No longer a cog in the wheel
Similar to NFL long snappers, typically contract manufacturers are not the center of media coverage unless something has gone terribly awry. Arch Venture Partners’ co-founder Keith Crandell referred to manufacturing being historically the “weak cousin” in the pharma industry constellation. However, that increasingly is no longer the case.
The critical nature of the work CDMOs perform was thrust into the national spotlight as manufacturing was relied upon to deliver one of the most critical and complex vaccine distribution efforts in history. Gil Roth, president of the Pharma & Biopharma Outsourcing Association (PBOA), an industry advocacy group explained: “Because of the pandemic the CDMO sector has never had a higher profile than it does now. The general public is starting to understand that just because it says [Drug Company X] on the label, that does not mean that is who made the vaccine or therapeutic.”
This heightened awareness of the general public has also meant that Congress and the FDA have been willing to take a deeper look into understanding how the sector works and the essential role manufacturers play in bringing therapies in development to reality.
It helped that companies in the manufacturing space stepped up and delivered despite enormous complications around social distancing, worker safety and supply chain unpredictability. These businesses were deemed essential from the get-go, and many never shut down. Jeff Reingold, COO of Contract Pharmacal Corp, based in Hauppauge NY, offered a story that epitomized the can-do nature of the industry. “When you are a manufacturer you need the machines running, so the safety piece was very stressful. At one point, we had four lunch breaks for one eight hour shift because we were limiting how many people could be in the cafeteria.”
A challenging human resources environment meant that CPC, along with many others in the space, could not manufacture at full capacity, thus had to make decisions around what to produce. “We could not make everything, but we wanted to make sure that what we could make fit within our customers prioritization. Adding to this complexity was the fact that bottles and caps were not available. Lead times on materials were longer and it pushed us to think differently and to focus on what we have, what we are capable to produce, while also considering the timing on future productions based on expectations from our vendors,” said Reingold.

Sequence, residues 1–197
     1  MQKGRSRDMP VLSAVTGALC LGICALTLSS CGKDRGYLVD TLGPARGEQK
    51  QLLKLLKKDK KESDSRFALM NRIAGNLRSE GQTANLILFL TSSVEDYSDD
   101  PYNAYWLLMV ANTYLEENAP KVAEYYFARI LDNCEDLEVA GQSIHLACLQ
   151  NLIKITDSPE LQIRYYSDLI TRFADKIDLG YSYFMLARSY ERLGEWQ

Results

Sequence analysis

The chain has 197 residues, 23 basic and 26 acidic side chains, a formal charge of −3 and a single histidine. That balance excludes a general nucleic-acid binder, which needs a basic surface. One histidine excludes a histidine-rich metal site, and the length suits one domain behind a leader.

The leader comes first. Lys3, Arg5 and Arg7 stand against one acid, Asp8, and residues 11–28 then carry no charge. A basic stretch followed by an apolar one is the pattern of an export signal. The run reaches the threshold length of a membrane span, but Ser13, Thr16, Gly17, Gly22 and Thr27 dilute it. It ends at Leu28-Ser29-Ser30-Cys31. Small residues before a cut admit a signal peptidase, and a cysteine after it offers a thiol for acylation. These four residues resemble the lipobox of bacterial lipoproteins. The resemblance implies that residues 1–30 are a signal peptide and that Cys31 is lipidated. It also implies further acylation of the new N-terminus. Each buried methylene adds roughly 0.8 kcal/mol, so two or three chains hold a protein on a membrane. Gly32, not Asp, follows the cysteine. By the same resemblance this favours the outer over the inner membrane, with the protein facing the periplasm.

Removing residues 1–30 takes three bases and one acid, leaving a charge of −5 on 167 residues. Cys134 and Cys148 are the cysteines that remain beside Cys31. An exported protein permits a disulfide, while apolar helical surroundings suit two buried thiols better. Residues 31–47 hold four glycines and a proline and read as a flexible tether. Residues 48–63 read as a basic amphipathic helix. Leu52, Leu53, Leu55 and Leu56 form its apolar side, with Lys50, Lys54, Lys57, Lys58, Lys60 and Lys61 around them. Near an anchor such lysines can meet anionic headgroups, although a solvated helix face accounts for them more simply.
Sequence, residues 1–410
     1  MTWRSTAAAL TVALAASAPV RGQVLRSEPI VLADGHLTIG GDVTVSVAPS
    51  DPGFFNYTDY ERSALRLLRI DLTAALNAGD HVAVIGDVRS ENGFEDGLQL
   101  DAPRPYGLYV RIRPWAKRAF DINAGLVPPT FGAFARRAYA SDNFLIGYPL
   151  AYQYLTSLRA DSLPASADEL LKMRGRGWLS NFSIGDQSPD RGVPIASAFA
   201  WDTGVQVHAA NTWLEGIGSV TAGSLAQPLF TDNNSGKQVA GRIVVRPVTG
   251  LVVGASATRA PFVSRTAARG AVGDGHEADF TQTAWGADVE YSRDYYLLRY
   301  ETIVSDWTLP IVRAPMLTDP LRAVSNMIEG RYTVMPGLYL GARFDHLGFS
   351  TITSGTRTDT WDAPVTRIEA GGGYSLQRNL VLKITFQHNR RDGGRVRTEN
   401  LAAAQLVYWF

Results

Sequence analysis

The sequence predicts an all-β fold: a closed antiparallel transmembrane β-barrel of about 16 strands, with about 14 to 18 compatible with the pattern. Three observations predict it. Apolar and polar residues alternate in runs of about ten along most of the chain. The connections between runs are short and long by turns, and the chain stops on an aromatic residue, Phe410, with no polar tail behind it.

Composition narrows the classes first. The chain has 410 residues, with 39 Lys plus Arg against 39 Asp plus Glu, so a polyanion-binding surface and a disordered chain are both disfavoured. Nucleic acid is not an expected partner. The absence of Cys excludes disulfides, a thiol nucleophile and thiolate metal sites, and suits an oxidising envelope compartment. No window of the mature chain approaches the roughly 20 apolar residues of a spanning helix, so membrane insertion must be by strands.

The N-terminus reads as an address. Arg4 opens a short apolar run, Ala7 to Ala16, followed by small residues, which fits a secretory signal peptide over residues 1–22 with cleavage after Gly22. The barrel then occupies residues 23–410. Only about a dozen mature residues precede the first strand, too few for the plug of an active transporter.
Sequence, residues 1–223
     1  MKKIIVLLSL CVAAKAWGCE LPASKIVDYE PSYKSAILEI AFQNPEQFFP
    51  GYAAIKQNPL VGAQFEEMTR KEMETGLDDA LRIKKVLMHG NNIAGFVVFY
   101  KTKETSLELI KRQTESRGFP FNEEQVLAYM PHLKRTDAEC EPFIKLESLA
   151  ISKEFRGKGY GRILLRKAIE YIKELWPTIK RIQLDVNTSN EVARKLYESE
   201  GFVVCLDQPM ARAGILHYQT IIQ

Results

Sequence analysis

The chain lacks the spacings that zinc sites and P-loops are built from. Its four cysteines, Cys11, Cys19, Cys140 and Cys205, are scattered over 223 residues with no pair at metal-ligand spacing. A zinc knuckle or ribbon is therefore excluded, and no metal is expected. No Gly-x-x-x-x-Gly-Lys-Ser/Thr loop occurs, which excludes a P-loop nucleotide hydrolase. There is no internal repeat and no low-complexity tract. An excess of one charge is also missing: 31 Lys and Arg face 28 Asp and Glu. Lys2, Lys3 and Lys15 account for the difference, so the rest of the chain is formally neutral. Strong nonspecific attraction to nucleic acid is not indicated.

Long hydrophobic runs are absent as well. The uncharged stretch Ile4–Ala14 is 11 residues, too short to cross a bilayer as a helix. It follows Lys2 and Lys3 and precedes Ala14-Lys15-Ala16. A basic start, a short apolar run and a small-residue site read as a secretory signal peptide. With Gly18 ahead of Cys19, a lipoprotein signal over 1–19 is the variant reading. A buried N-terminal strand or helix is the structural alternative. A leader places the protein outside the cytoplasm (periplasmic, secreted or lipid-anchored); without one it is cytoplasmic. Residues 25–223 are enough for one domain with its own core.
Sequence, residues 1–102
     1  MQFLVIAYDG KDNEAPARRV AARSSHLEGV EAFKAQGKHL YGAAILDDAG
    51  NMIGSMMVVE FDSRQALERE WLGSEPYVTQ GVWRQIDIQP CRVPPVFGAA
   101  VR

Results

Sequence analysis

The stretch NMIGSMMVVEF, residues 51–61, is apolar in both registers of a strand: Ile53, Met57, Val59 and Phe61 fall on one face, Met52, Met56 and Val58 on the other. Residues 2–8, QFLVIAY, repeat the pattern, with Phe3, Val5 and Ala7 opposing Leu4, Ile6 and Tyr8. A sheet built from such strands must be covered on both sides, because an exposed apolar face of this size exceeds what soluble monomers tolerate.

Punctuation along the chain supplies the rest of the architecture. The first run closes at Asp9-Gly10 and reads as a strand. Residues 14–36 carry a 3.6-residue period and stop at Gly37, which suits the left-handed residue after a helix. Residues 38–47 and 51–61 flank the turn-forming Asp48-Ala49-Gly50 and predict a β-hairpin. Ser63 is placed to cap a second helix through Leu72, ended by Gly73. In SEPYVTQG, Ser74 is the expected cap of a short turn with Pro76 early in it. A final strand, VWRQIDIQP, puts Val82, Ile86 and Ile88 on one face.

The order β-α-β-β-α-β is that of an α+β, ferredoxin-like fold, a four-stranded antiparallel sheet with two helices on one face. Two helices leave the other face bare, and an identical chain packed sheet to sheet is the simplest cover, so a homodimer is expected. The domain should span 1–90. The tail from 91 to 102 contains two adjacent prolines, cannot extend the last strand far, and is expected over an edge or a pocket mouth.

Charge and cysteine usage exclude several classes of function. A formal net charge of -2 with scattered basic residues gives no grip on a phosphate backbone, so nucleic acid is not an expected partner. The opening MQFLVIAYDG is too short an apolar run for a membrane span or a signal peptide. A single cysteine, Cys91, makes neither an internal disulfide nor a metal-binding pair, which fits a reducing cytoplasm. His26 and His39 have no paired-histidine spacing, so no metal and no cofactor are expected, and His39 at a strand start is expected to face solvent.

“You might only use the injectable equipment if you are producing one particular drug, one for two days a month, which would not make sense to invest in if you were a pharma company. Whereas if you are a CMO it would make great sense because you can run many different products on that same line. The cost and complexity of equipment has gone up dramatically while the run sizes have gone down. Consequently, it plays into the CMO strategy of investing in biologics capacity.”
Brad Payne, COO, PCI Pharma Services
Speeding to market
For early-stage companies, timelines matter. Funding is tied to timelines and milestones being met. Companies operate within a finite window to achieve proof of concept or progress through a clinical trial, so being marred by delays in the manufacturing process can mean failure. At the later stage, manufacturing holdups also have harsh consequences for the economics of a product, and in cases such as vaccine development, it can mean many additional lives lost. This was evinced by the FDA’s actions asking JNJ to scrap up to 15 million COVID-19 vaccine doses and temporarily halt production over an error made at an Emergent BioSolution's manufacturing site. This means that other vaccine makers such as Moderna and Pfizer will continue to handle the bulk of vaccine production.